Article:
AMD, Red Hat Demo 'Live' VM Migration Across Platforms - InformationWeek

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AMD, Red Hat Demo 'Live' VM Migration Across Platforms

The vendors posted a YouTube video showing the migration of a running virtual machine from an Intel Xeon-based server to one running AMD's quad-core Shanghai processor.

Advanced Micro Devices and Linux distributor Red Hat on Thursday demonstrated technology that enabled the vendors to migrate a running virtual machine from an Intel Xeon-based server to one running AMD's soon to be released quad-core Opteron processor, code-named Shanghai.

The "live migration," which the companies said was done without disrupting the operation of the application running on the VM, was performed between a dual-socket server running Intel Xeon DP Quad Core E5420 processors and a system based on Shanghai, which is set for release this quarter. AMD and Red Hat have posted a video of the feat on YouTube and on AMD's Web site.

The feat is significant because such transfers are nearly impossible in the real world, which means IT departments are forced to run all VMs on one platform. Most companies try to avoid such vendor lock-ins, so the limitation in moving VMs is considered a weakness in virtualization. IT staff move VMs regularly in order to perform certain tasks, such as upgrading or conducting maintenance of a server, balancing the server load, and proactively managing server availability to avoid downtime or lost data.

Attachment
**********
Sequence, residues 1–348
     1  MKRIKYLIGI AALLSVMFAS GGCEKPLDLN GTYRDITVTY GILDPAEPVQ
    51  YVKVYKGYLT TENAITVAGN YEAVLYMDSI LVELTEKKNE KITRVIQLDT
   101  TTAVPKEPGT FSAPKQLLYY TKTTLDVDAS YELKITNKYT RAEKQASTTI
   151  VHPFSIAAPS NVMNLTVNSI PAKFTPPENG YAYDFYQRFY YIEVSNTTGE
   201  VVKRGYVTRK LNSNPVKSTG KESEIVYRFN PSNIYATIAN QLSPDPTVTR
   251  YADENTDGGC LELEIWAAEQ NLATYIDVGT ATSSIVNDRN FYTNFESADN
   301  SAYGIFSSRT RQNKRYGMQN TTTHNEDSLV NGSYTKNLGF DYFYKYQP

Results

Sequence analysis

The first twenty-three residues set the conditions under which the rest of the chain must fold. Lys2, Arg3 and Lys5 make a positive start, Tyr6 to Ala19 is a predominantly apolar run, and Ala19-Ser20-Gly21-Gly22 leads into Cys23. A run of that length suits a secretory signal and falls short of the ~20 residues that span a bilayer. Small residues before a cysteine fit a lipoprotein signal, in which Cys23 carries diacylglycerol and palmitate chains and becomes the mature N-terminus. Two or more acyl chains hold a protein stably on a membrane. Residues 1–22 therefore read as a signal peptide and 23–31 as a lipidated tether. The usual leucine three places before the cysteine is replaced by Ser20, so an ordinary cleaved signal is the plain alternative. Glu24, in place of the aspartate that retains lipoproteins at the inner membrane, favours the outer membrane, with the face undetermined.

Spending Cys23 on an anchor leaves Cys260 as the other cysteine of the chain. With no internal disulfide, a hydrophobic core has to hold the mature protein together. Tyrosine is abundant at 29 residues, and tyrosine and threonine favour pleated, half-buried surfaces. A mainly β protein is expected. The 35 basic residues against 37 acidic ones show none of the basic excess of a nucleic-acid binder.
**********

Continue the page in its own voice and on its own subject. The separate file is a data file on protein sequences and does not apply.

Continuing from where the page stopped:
The migration demo was achieved through a combination of virtualization technology in AMD hardware and Red Hat software. "While developing this capability has been a challenge, we are proud to work with Red Hat to demonstrate it is possible," Margaret Lewis, AMD's director of commercial solutions and software strategy, said in a statement.

AMD said the migration can be done on a Microsoft Windows-based server, as well as a Linux server. Details of the technology were not disclosed, and there was no timetable showing when the capability would be available in products. Lewis said in her blog that the demo was only meant to prove that live migration was possible. "There is still a lot of work to do, but it is not impossible," she said.

Shanghai is AMD's first processor built using advanced manufacturing techniques that shrink the size of a transistor on a processor to 45 nanometers, which means more of the devices can be packed on a chip. Increasing the number of transistors results in a dramatic improvement in power-to-performance ratios. Intel has been shipping 45-nm chips for about a year.

InformationWeek has published an independent analysis on the topic of virtual machines in the enterprise. Download the report here (registration required).

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